Television’s Real Fear Factor2/24/2006 7:00 PM Eastern
For decades, disaster films such as Earthquake and The Day After Tomorrow have racked up millions of dollars at the box office. Now original documentaries and specials focusing on real-life natural disasters and terrorist attacks are drawing viewers to the small screen.
Over the past six months, non-fiction documentaries and even fictional movies about tragedies like the Sept. 11, 2001, terrorist attacks and the 2004 Asian Tsunami — as well as dramatizations of potential natural disasters, such as a hurricane hitting New York City — are generating record-setting ratings for cable networks.
Among the recent spate of true-life disaster-oriented documentaries and specials:
A&E Television’s Jan. 30 original movie Flight 93, which dramatically recreated the events surrounding the United Airlines flight that crashed in rural Pennsylvania on Sept. 11, 2001, pulled a network record 4.7 household rating and 5.9 million viewers.
Discovery Channel’s Sept. 11, 2005, docudrama about Flight 93, The Flight That Fought Back, was the network’s highest-rated show since 2000, garnering a 5.1 household rating.
The Feb. 5 installment of The Weather Channel’s original “what if” series It Could Happen Tomorrow, which depicted the devastation that a Mount Rainier volcanic eruption could trigger across the country, garnered the network a 0.7 rating, one-tenth of a point off that network’s highest ratings performance for a long-form program.
National Geographic Channel’s August 2005 two-part Inside 9/11 special examining the terrorist attacks posted a 2.5 and a 3.6 rating, respectively — the first time any National Geographic show has earned at least a 2.0 rating in the network’s history.
Not unlike disaster-oriented blockbuster films, Syracuse University professor of pop culture Robert Thompson said such programs tap into viewers’ fascination with larger-than-life events that extend well beyond the boundaries of their own personal lives.
“There is certainly an interest in looking right into the heart of darkness, and I think some of this disaster programming feeds that appetite,” said Thompson. “But when you’re watching the Towering Inferno or The Day After Tomorrow, you have the comfort that it’s fiction. Hopefully when you’re watching coverage of Sept. 11 or Hurricane Katrina, you’re watching with all the compassion that comes from watching our fellow human beings suffer and die. But I don’t think it takes away from the fact that it’s still fascinating to watch.”
Such numbers for documentary programming were virtually unheard of prior to 2000. Non-fictional content depicting disaster scenarios for America’s cities were mostly depicted in big-budget, special effects-laden Hollywood films or often plodding documentary shows heavy on analysis from scientists and experts and light on strong visual imagery.
“[Documentaries] would provide you with knowledge, but five years ago we might have made rather somber documentaries with just scientists,” said Discovery Channel U.S. executive vice president and general manager Jane Root.
But today, with the advancement of special effects technology and the insertion of loosely scripted dramatizations that run alongside actual scientific information, networks like Discovery can visually simulate disasters, like it did with the volcanic decimation of the ancient city of Pompeii as part of its 2005 special Pompeii: The Last Day.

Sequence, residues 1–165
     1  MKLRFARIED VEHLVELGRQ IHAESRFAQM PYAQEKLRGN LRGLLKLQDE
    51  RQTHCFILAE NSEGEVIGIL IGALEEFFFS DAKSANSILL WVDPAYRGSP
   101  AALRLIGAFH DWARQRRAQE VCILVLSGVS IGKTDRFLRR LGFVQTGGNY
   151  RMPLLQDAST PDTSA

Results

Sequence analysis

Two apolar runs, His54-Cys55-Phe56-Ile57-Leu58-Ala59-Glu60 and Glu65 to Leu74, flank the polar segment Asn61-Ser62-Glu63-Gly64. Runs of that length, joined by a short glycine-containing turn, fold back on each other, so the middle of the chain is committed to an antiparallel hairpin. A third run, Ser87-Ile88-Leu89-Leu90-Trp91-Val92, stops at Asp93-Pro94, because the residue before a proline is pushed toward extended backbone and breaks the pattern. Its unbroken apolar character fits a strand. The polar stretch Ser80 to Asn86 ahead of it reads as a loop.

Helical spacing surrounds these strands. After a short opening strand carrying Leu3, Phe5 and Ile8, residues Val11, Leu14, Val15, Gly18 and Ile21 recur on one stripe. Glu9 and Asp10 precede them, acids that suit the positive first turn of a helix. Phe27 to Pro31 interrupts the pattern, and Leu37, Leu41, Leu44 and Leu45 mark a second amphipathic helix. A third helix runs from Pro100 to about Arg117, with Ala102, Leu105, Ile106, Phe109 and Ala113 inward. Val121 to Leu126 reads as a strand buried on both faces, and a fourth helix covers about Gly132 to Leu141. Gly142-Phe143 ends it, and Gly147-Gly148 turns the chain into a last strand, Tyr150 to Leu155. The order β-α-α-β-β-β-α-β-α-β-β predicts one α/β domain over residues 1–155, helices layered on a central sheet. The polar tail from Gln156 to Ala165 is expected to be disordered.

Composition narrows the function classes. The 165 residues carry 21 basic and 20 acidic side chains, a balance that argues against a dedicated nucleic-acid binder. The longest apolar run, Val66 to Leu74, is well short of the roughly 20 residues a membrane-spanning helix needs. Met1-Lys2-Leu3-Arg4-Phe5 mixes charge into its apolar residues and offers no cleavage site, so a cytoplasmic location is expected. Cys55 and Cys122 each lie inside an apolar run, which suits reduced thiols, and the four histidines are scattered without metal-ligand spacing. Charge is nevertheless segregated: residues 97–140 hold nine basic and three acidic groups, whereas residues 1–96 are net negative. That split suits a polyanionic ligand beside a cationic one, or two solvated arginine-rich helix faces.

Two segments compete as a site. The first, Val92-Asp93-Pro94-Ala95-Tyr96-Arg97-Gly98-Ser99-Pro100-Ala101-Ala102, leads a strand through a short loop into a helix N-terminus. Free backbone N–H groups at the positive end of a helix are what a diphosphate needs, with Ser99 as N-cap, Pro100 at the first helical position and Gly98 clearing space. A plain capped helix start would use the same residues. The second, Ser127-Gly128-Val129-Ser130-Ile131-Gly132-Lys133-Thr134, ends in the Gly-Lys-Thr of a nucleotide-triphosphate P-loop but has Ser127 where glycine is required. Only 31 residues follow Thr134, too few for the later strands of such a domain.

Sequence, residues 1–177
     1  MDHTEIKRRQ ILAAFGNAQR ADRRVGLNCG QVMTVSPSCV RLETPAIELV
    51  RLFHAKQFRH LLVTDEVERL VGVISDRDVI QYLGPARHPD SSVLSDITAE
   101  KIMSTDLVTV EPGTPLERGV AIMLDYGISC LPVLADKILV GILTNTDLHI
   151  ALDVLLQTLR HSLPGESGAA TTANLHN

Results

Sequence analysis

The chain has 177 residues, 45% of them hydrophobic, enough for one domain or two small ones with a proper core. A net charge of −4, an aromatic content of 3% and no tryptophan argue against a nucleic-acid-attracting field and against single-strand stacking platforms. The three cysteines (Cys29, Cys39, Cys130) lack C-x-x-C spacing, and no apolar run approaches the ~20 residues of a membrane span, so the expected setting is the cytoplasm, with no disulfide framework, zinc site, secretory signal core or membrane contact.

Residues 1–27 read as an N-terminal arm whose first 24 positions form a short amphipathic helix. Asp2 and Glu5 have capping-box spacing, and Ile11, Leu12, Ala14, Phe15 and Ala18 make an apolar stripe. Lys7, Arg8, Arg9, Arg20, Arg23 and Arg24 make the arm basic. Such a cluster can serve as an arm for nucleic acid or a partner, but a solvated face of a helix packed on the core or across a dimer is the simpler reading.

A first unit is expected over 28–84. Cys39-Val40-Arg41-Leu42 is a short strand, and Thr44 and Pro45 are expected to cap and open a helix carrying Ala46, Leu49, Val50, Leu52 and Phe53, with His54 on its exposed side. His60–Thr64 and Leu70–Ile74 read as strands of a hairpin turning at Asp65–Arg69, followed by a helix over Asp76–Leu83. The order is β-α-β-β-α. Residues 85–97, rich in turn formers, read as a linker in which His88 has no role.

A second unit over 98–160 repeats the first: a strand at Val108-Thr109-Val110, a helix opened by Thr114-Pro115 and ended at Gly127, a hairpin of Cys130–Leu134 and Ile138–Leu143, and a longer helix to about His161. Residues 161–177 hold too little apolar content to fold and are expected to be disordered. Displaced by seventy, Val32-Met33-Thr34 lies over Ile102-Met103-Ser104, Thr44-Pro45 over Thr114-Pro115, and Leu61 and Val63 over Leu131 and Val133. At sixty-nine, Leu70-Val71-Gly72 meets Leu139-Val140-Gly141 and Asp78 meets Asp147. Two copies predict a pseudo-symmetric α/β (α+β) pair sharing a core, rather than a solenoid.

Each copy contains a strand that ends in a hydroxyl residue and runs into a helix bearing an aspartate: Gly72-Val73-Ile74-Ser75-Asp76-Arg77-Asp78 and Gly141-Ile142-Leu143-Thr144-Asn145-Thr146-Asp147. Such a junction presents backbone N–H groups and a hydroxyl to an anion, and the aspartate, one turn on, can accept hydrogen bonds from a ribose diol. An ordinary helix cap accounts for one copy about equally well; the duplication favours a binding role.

“We still interview the volcanologists, but we also want to have a sense of drama, immersion and energy to really bring those things alive,” added Root. Continuing the trend, Discovery is planning to premiere later this year Perfect Disasters, a six-part series about different disasters happening in different cities across the world.
Along with the added special effects, network executives say the actual disasters and potential calamities portrayed in the various shows have drawn interest from viewers as much for their educational content as for their entertainment value.
“I think people have had to become aware of what’s going on all over the world, so what happened to us in 9/11, what happened in the midst of Hurricane Katrina and what happened during the Tsunami has made us aware of our fragility,” said A&E vice president of film, drama and music programming Delia Fine.
The Weather Channel senior vice president and general manager Terry Connelly says the network’s It Could Happen Tomorrow series not only provides dramatic depictions of what could happen to a city in the event of a natural disaster, but also tries to prepare and inform viewers — along with various city, state and governmental officials — as to what to do in case such scenarios become reality.
The hope is that such information gets to people before disaster strikes. But in the case of Hurricane Katrina, sometimes a disaster strikes before the information can be disseminated.
The Weather Channel last May completed the first episode of the series, in which experts all but predicted what ultimately happened to New Orleans in the wake of Hurricane Katrina.
The episode, which eerily and accurately predicted the devastation that eventually beset the Big Easy through special effects imagery, has yet to air in its entirety on the network, and Weather Channel officials have not determined whether it will ever appear on the small screen.
Connelly argues that such shows almost have to be somewhat entertaining in nature in an effort to draw viewers so that the show’s ultimate goal of preparing viewers for the worst gets through to the largest audience possible.
“The style is deliberately dramatic because viewers tend to be pretty complacent,” he said. “People don’t think these things can happen to them, but it can and it did and it will again. Ultimately, these programs are about raising awareness, stirring discussion about preparation and safety.”